Earlier this week, I had the pleasure of attending a workshop primarily for real estate agents at the Historic Darden House in Elkins, WV. This was the third workshop in a series with other locations including Martinsburg and Wheeling. The WV State Historic Preservation Office (WVSHPO) and three Certified Local Governments teamed up to give the workshops in honor of National Historic Preservation Month.
Historic homes and residential historic districts are a dime a dozen in West Virginia. To increase the sale of these homes, real estate agents learned historic preservation facts while earning seven Continuing Education Units. Speakers, Robin Ziegler with the National Alliance of Preservation Commissions and Jennifer Brennan with the WVSHPO, had a jam-packed session focused on the National Register of Historic Places, historic preservation financial incentives, and best ways to market historic homes. I’ll share those with you shortly!
Before moving onto the tips, let’s recap the financial incentives available in West Virginia.
State Residential Rehabilitation Tax Credit: This is a 20% state income tax credit which is based on qualified expenditures undertaken as part of the rehabilitation to a historic private residence. The credit is applied directly against taxes owed by the owner. This credit is available to private homeowners for approved rehabilitation work on their own residence. The building must be either individually listed or a contributing building in an historic district listed in the National Register of Historic Places.
Non-historic Tax Credit: This 10% tax credit is available for the rehabilitation of non-historic buildings placed in service before 1936. The building must be rehabilitated for non-residential use and cannot be listed in the National Register of Historic Places.
State Development Grant: This is for rehabilitation of properties that are listed in the National Register of Historic Places or a contributing property in a historic district or/and archaeological development of a site listed in the National Register of Historic Places. The grant will cover up to 50% of the project costs, and a 50% match must be provided to receive the grant.
Federal and State Commercial Rehabilitation Tax Credits: A 20% federal income tax credit and a 10% state income tax credit are available for the rehabilitation of historic, income-producing buildings that are determined by the Secretary of the Interior, through the National Park Service, to be “certified historic structures.” The State Historic Preservation Offices and the National Park Service review the rehabilitation work to ensure that it complies with the Secretary’s Standards for Rehabilitation.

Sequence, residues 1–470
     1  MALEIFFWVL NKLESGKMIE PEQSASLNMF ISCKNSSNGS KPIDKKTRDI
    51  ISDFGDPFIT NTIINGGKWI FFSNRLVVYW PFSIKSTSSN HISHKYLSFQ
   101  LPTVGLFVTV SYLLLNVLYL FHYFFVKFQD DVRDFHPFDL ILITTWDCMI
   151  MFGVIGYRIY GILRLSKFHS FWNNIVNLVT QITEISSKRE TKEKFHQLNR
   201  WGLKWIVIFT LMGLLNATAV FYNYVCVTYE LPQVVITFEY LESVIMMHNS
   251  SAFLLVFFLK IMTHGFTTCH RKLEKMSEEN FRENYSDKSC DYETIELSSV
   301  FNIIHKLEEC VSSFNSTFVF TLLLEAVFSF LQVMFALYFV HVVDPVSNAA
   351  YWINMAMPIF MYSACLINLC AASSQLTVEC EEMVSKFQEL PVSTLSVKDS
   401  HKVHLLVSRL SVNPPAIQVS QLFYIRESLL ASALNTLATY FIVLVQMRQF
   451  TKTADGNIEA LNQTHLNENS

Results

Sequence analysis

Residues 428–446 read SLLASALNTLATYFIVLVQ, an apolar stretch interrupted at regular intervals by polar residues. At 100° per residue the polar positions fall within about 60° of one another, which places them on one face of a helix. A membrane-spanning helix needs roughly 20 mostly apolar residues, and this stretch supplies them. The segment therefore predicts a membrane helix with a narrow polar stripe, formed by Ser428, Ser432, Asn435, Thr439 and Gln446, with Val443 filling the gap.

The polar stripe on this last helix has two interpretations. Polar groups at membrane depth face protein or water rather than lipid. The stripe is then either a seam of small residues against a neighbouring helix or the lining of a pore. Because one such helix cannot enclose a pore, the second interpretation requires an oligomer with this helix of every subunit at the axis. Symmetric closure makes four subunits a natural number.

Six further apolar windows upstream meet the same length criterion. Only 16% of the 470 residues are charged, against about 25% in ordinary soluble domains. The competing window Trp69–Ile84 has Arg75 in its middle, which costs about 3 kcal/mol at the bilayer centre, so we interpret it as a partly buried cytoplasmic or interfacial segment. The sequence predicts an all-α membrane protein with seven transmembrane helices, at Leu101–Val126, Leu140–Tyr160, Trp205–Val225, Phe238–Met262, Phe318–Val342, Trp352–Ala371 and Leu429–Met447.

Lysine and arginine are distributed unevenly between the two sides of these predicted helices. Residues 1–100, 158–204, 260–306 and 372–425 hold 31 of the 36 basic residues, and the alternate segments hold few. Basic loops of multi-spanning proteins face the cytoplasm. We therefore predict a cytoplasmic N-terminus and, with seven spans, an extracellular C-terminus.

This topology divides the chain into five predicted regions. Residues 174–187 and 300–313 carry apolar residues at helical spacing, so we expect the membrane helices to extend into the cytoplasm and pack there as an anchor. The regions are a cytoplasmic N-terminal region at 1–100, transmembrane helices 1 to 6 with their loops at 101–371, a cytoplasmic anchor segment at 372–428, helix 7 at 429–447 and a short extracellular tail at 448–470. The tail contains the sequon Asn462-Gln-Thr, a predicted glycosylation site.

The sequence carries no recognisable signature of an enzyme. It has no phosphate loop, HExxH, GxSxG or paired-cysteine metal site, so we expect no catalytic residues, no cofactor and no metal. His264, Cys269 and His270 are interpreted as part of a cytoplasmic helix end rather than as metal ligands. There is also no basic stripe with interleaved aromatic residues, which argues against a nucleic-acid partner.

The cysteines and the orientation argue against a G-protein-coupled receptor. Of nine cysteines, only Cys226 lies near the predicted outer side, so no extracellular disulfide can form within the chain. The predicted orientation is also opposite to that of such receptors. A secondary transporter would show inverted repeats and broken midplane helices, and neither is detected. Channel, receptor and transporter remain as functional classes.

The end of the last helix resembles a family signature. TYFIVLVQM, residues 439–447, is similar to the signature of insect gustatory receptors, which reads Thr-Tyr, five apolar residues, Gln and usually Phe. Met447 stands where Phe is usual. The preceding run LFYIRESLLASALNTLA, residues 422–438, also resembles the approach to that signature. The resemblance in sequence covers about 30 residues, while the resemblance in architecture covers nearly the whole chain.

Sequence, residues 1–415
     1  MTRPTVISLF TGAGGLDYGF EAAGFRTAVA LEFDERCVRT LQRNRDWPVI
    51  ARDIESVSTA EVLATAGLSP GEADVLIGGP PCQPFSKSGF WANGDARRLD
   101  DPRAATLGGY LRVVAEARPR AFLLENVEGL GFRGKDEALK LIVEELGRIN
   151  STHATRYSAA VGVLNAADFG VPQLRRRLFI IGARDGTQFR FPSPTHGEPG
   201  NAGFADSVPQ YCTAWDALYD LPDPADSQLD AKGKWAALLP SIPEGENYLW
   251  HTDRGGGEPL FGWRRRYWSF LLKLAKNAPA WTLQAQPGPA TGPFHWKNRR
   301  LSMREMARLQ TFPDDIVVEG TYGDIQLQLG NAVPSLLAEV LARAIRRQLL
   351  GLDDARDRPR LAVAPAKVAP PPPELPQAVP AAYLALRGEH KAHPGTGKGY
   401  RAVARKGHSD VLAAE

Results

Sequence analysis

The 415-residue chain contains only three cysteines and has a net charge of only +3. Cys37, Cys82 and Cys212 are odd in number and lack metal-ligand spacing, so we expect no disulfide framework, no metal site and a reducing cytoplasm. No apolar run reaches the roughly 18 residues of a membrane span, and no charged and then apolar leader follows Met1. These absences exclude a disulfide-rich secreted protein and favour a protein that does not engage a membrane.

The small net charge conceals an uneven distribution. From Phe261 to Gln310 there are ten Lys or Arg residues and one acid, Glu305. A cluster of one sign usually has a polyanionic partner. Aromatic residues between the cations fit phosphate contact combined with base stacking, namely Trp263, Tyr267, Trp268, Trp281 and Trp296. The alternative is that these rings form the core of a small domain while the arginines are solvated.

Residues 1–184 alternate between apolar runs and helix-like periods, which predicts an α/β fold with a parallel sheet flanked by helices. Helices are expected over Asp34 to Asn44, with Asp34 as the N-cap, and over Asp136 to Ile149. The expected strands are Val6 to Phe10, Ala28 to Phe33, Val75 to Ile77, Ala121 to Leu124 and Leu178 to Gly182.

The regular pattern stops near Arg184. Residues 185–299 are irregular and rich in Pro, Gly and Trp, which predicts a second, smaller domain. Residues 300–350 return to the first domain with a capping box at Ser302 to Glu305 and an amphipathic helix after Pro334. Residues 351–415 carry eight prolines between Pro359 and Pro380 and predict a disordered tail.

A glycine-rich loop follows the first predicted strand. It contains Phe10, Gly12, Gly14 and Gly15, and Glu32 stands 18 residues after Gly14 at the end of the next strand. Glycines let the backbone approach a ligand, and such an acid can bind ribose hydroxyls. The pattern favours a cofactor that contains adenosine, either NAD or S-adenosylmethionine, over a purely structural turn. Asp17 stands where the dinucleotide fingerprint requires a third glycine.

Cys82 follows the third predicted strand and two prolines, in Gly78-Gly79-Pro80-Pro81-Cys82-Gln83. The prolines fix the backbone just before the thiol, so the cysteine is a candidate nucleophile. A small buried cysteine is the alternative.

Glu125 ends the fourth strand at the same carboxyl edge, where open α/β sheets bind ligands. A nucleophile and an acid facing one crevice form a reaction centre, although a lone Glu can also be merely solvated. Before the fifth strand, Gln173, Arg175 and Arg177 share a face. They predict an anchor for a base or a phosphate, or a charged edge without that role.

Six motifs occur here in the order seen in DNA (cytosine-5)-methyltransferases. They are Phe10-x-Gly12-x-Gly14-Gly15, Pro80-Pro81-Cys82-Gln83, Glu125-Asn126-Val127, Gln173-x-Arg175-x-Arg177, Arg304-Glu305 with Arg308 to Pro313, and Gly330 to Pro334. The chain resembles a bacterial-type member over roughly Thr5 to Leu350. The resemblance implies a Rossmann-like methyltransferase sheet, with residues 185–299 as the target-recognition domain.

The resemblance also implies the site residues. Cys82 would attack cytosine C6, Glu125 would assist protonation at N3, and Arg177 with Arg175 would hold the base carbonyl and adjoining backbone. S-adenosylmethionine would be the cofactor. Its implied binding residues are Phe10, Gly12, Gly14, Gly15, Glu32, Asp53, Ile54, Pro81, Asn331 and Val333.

Real estate agents should always know if the property they are selling is listed in the National Register of Historic Places. This information is easy to find too! For West Virginians, just go to the WVSHPO’s website to see if your property is listed. Once you know if your property is listed, you will know what financial incentives are available to buyers.
Now for the marketing tips:
1) Create a Story – Research the home and find a few interesting tidbits. Share these with your potential buyers. The National Register nomination should have some useful information, and you can also research deeds at the county assessor’s office. The deed will tell you the history of ownership, and you might find that one of the owners had an interesting past.
2) Highlight Original Elements – Historic buildings are treasure troves for original craftsmanship. This will interest many buyers. Point out woodworking, light fixtures, crown molding, and other original materials. Maybe the building is from a special period. Is it a Sears Kit Home or a Lustron Home? Find out! These are niche markets, and buyers want to know all about these homes.
3) Financial Incentives – Don’t forget these!
4) Be a Resource – Offer information on FHA 203K loans, historic preservation craftspeople (we can help with this one), and insurance companies.
5) Embrace the Flaws – Know your buyers. They may appreciate the hand-made quirks of historic homes. They might want a fixer-upper and will jump at the chance to stain those old hard wood floors that have been hidden under carpet for the last 30 years.
6) Advertise with the National Trust for Historic Preservation and other historic real estate websites/magazines.
7) Know Inspectors who Understand Historic Buildings – They understand that historic buildings were built to last and will tell the truth about the property you are trying to sell.
8) Consider a Specialty – During your research, you may find that there is a prevalent architect, builder, or style in your area. Specialize in a topic that can help you sell these properties.
West Virginia’s population has, for the most part, been on the decline for the last few decades. Real estate agents can help turn around this trend by selling historic homes and increasing investment in West Virginia’s communities.